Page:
And honestly, they did. The album that got me hooked was Automatic for the People
, a longtime favorite of mine. Listening to the atmosphere in “Drive
,” the first track of the R.E.M. album, just felt like a significantly more open experience on my nice headphones than I could muster on Apple Music. It’s a good song to understand the “space” your music takes up because it’s not a “full” song, jamming every bit of space with noise.
Problem is, there are only so many of those users. The “Pono
class” of music fans, the ones who care about fidelity in music quality, is a fairly small audience. (Pono rips aside, Neil Young figured this out, and now makes bank
by catering specifically to them.) And even in my case, I’m only slightly more of music quality nerd than the average person is.
The thing is, as well, music has always been a young people’s game. Recently, YouTube-famous music producer and instructor Rick Beato has been taking a listen to the most popular songs on Spotify
, and those songs aren’t like the kinds of things that a music fan who cares about “master-quality” recordings would really care about. By putting a focus on quality over every other metric, Tidal ultimately relegates itself to a niche.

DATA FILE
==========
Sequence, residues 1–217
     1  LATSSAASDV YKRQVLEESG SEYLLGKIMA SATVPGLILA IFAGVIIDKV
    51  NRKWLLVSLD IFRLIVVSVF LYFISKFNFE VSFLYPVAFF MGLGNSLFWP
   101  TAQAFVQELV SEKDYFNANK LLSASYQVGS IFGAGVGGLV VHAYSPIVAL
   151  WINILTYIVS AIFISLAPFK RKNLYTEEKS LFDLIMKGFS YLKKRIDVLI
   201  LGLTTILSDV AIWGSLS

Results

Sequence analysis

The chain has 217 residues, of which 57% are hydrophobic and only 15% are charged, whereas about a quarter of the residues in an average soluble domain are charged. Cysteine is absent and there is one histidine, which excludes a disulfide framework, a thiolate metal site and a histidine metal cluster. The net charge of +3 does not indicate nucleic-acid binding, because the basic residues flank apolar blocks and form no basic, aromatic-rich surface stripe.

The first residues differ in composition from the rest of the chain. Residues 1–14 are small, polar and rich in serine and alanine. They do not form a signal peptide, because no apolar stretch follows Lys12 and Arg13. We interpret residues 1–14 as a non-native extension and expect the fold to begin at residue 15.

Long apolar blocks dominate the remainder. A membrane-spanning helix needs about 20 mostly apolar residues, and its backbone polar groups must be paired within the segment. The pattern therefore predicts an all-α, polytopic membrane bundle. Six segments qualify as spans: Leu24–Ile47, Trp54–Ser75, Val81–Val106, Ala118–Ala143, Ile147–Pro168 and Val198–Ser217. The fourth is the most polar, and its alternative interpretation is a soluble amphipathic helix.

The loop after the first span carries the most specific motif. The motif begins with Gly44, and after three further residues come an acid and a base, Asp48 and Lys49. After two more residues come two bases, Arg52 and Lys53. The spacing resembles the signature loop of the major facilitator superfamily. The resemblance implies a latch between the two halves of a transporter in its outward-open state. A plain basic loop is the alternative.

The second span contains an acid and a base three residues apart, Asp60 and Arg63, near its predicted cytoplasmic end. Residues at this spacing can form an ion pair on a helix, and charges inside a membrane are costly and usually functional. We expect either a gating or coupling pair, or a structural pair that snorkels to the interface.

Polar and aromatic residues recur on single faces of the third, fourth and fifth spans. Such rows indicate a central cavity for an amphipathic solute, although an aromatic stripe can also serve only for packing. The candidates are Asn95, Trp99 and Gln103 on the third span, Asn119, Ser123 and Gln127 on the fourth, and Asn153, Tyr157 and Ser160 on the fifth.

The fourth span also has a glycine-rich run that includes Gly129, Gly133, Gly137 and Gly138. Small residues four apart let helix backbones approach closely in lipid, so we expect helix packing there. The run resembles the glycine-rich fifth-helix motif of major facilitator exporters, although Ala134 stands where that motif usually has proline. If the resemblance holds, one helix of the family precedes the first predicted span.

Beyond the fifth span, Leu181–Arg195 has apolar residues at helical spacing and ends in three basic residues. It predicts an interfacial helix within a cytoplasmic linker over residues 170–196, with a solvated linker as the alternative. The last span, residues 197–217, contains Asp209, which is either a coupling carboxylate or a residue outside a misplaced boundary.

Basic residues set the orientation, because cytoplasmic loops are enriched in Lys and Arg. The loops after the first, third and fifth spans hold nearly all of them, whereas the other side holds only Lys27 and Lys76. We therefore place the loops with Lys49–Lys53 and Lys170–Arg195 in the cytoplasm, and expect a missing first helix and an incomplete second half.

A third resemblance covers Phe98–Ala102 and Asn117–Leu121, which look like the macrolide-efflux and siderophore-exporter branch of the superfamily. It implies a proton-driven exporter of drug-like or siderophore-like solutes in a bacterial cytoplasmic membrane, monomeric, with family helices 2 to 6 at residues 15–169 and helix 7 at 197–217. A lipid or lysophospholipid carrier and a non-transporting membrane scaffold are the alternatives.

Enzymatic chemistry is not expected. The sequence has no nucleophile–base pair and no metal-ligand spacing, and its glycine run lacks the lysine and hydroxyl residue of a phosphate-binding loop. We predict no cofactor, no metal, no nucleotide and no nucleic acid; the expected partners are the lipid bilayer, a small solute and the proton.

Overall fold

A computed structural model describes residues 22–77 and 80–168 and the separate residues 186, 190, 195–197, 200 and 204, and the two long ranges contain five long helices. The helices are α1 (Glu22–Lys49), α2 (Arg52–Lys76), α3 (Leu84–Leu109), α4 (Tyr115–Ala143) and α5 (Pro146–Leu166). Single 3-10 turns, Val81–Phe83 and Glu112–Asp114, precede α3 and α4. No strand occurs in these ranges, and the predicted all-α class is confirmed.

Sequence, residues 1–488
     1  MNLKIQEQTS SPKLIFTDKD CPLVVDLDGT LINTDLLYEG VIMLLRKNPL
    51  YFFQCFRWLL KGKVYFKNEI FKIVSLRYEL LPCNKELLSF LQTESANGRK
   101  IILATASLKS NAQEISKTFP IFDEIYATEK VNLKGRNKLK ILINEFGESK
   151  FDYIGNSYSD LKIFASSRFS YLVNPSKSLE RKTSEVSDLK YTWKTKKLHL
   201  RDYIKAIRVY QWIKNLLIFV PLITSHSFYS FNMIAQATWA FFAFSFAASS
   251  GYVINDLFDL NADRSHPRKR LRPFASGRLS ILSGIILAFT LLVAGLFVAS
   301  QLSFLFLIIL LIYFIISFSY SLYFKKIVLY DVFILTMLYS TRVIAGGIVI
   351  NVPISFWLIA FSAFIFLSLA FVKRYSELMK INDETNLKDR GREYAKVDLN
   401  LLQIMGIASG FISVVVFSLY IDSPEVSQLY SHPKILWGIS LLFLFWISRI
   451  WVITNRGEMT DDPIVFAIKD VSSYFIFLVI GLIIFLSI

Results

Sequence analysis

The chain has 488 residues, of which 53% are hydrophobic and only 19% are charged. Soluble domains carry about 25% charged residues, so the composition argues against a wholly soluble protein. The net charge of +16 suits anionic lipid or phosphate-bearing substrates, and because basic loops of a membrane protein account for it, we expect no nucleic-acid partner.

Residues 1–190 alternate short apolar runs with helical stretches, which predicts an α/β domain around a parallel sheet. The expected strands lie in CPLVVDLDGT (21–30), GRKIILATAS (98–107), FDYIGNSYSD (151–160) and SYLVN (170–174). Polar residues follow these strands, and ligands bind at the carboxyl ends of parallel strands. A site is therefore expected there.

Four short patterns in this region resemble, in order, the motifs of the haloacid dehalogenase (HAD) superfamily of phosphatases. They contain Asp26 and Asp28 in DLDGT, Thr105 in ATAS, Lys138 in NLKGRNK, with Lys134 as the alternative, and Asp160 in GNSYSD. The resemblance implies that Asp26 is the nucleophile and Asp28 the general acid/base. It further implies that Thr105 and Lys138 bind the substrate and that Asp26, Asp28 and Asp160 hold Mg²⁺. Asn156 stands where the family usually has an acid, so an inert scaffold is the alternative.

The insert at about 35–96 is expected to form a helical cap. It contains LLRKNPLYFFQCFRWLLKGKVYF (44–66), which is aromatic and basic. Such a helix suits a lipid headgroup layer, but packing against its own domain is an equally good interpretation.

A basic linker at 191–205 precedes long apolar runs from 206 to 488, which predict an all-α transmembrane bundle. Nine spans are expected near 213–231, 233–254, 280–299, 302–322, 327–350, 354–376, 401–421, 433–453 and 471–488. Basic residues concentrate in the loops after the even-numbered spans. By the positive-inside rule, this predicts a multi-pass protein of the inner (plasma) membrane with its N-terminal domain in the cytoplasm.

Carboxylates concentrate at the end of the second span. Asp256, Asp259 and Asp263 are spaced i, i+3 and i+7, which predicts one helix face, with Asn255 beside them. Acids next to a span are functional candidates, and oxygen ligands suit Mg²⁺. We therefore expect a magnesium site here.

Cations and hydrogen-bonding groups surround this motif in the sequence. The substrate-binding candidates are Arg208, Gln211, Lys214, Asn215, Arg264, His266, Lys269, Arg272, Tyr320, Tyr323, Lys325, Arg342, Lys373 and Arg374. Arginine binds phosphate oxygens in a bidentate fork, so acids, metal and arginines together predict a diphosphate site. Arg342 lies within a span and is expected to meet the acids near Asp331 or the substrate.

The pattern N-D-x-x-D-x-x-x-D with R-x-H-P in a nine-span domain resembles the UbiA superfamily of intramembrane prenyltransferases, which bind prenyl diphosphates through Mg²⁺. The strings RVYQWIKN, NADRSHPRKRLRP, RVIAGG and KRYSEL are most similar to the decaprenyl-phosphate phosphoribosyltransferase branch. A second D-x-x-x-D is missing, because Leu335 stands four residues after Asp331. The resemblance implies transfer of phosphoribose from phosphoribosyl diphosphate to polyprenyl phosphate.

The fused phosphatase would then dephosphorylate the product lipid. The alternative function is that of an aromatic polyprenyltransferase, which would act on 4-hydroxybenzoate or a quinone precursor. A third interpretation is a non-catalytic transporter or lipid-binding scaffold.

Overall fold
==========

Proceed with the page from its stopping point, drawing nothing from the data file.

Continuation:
The problem I found with Tidal, as a listener, was that the curation didn’t seem to match the message that its high-res music did. It felt like, even though the pitch was high-quality music, it was selling me the same kinds of modern tracks that would appear on Spotify, which was both cheaper and more technically impressive. (Case in point on that latter issue: Try installing Tidal on Linux
; see how easy it is. I promise you, it is not easy.)
I think that one way Tidal could have found its lane is by leaning even harder into that music nerd niche. A competitor of Tidal’s that I’ve been checking out lately, Qobuz
, offers a great example of what this might look like. Compare the explore page of Tidal to that of Qobuz: